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Europe in Lock-Down: What To Do If You’re Stuck


49 vizualizări

Just a week ago, my biggest worry was getting to the Hispania Rally finish line. After the rally, I planned to hang out with a friend in Malaga for a few days, then fly to Vilnius, Lithuania, patch my bike up, and saddle up to start my ride down to Greece for the Hellas Rally Raid. Back in Granada and Malaga, life seemed chilled out and easy – people went out and about, hung out in cervecerias and wine bars, and enjoyed evenings out. The Malaga airport, as well as Vienna where I had a connection, looked normal; a few people here and there were wearing masks, but for the most part, life went on as usual.

But when I got off the plane in Vilnius, this is what greeted the passengers at the arrivals’ hall:

I had to fill out a form giving my name and details, my phone number, and my address for the next two weeks, before I could go ahead to collect my bag. That same day, Spain was declared to be a “high-risk” country for COVID-19, or the Corona virus. Everyone coming back from Spain is now required to self-quarantine for 14 days. As of today, Spain has declared a state of emergency, and Lithuania has banned travel there.

In fact, most of Europe is about to enter lock-down. Denmark, Norway, Austria, Poland, and the Czech Republic are already closing down borders, and as of Monday next week, Lithuania is likely to enter total lock-down and quarantine, too. Europe is now considered the epicenter of the virus outbreak, and travel is severely restricted, whether it’s air, sea, or land.

In other words, we’re stuck.

Homeless At Home

It seems I’d just barely made it home: from today onwards, coming back from Spain would have meant more severe measures than simple self-quarantine. And for me, the self-quarantine means getting holed up in a hotel room, just like I would in any other country. I’m in my native city, but I can’t see my dad or hang out with friends. Since I don’t own a home, I’ll have to stay put in my little B&B for two weeks – or more, as there is now talk about a much longer quarantine period. It sounds like from Monday onwards, the whole country will enter a lock-down similar to Italy: schools and universities are already closed, concerts and theatre plays cancelled, in fact, pretty much everything is cancelled, and from next week, the only places that will remain open will be pharmacies and grocery stores. People are asked to stay home unless absolutely necessary, and life as we know it is now on hold.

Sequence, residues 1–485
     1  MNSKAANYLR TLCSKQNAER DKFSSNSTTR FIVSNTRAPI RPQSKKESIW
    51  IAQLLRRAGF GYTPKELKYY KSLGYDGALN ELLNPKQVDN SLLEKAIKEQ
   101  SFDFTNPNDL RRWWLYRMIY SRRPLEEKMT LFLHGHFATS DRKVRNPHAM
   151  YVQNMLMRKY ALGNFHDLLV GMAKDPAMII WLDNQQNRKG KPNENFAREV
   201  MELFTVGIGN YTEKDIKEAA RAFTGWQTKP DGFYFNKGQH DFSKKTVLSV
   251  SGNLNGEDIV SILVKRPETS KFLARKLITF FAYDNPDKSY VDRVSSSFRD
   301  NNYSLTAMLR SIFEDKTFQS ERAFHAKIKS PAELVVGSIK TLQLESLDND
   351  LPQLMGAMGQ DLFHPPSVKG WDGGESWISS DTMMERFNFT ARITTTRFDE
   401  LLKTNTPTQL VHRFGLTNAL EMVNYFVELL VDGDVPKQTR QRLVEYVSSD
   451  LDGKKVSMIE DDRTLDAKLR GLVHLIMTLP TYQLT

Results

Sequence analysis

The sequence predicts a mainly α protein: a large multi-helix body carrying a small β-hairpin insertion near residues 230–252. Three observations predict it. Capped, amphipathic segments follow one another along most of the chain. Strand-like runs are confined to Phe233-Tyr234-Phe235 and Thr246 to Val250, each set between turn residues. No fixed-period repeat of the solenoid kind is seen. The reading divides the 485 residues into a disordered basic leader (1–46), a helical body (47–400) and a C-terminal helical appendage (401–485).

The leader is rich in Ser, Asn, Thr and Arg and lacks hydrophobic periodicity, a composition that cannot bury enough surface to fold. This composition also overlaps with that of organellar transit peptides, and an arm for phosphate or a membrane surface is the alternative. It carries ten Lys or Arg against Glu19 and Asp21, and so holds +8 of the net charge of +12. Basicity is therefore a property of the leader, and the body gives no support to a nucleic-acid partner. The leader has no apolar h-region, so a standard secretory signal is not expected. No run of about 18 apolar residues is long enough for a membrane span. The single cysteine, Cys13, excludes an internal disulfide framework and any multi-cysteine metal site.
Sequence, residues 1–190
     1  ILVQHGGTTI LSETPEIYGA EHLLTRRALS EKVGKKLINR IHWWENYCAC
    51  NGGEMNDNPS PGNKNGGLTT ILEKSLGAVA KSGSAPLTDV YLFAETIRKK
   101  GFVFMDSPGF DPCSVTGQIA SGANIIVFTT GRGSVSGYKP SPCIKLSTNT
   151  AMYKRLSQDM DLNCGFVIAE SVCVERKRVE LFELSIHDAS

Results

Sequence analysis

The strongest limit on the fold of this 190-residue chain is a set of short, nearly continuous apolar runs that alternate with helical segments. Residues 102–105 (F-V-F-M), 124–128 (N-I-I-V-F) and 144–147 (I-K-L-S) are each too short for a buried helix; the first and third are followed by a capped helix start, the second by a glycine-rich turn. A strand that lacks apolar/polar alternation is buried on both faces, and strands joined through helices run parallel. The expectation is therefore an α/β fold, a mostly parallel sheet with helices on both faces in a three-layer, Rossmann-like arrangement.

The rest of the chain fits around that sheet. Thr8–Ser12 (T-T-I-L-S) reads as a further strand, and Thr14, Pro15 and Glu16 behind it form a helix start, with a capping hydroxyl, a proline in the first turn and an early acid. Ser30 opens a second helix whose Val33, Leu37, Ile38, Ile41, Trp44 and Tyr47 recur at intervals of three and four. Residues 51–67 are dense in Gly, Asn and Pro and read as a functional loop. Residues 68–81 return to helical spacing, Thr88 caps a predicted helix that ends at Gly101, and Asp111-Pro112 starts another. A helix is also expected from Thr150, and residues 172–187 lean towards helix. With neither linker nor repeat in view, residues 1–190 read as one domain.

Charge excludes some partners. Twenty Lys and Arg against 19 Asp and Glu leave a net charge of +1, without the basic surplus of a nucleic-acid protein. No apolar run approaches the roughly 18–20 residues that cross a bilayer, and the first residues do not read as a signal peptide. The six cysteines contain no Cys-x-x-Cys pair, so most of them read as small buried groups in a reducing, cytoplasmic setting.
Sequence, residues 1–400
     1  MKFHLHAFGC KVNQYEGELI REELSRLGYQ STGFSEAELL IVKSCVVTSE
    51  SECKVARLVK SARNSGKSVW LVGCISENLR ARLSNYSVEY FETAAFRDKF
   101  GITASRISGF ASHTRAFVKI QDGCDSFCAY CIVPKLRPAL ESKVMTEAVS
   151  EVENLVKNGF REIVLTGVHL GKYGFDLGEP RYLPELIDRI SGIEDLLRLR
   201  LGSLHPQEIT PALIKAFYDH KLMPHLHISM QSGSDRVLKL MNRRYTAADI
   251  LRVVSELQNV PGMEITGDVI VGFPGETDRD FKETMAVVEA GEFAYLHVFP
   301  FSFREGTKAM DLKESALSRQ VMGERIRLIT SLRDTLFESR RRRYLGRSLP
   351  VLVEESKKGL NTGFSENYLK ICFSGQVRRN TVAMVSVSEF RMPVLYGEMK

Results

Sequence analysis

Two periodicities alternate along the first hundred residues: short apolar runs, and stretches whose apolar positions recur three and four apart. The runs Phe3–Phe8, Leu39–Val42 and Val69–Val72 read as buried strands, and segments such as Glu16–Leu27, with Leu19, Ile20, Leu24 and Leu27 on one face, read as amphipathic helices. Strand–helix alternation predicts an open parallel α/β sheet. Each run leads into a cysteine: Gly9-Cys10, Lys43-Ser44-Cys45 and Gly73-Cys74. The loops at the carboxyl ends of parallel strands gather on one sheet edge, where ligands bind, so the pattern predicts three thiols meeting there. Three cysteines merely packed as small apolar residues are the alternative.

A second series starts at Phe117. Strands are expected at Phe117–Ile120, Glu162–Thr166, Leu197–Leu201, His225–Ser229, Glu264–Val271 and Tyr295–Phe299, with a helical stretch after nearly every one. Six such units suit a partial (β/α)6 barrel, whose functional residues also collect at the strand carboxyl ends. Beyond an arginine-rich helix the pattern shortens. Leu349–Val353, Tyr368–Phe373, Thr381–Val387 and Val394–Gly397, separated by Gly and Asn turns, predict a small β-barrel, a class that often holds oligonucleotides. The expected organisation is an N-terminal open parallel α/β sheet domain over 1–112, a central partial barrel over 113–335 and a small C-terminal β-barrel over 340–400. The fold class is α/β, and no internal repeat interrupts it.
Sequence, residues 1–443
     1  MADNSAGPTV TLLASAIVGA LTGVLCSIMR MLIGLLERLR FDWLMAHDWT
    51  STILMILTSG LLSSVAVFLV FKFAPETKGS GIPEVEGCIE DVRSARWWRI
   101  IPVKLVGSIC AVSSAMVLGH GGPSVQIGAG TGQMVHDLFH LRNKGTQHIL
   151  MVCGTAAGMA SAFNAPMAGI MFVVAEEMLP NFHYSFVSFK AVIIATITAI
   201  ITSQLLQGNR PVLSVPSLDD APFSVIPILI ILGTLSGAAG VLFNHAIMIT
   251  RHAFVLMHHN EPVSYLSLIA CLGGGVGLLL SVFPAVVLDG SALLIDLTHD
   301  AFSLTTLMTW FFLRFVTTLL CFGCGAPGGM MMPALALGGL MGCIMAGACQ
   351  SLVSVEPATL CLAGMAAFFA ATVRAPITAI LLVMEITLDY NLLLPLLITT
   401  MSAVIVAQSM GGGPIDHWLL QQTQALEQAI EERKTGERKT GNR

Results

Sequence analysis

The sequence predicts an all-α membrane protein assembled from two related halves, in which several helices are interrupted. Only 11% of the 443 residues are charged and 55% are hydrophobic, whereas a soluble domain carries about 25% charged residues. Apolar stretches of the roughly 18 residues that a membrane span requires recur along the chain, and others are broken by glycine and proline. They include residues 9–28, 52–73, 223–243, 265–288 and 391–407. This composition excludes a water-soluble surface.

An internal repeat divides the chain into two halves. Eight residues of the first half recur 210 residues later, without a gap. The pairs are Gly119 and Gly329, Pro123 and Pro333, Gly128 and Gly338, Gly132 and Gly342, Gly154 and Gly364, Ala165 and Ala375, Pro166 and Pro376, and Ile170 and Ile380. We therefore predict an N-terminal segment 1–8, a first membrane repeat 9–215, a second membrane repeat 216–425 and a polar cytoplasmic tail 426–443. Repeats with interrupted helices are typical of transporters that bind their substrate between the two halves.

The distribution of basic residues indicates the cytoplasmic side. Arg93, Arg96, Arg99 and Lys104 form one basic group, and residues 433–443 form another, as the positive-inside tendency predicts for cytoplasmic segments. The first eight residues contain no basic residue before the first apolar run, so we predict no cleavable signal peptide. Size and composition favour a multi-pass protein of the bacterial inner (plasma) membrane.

Living in Lock-Down

Is Lithuania overreacting? Maybe, since we only have eight confirmed cases at the moment. On the other hand, nobody wants the Italian scenario, so “safe better than sorry” it is. And although I’m in a way glad to be stuck in my home country rather than anywhere else, at the same time, since I’m staying at a BnB and can’t see my family or friends, I might as well still be in Granada or Quito. My work doesn’t require me to go to an office, and I planned to get lots done during the quarantine days – but instead, I find myself feeling trapped and restless, and I just can’t concentrate. At least my bike is here… Except, at least for now, the land borders are closed, and there’s no way to go anywhere.

Living in Lock-Down

Living in Lock-Down

So, what do you do if you’re stuck in Europe? I’m no medical expert, so I’ve no idea how long before this blows over. But in the meantime, if you’re traveling on your bike in Europe in lock-down, here’s what you can do:

  • wait the storm out. It’ll have to get worse before it gets better, and it feels like we’re entering the “worse” phase right now.
  • get an Airbnb in the countryside if you can. Holing up somewhere more remote and away from cities is the best policy right now.
  • if you get quarantined, spend the time working on your bike! At least it’ll be something productive.
  • check with your insurance company and find out if you’re coverd in case you need to be hospitalized.
  • if your Schengen visa is running out, head for the Balkans while you still can. Morocco has closed down borders at this point, so no luck trying to get to Northern Africa.
  • if you have to, leave your bike and fly home. Check out Horizons Unlimited, the ADV forum, or Facebook groups to see if any local riders could look after your bike until you get back to resume your travels.
  • wash your hands.
  • ride. Being out there on the trails is actually good for us all right now!


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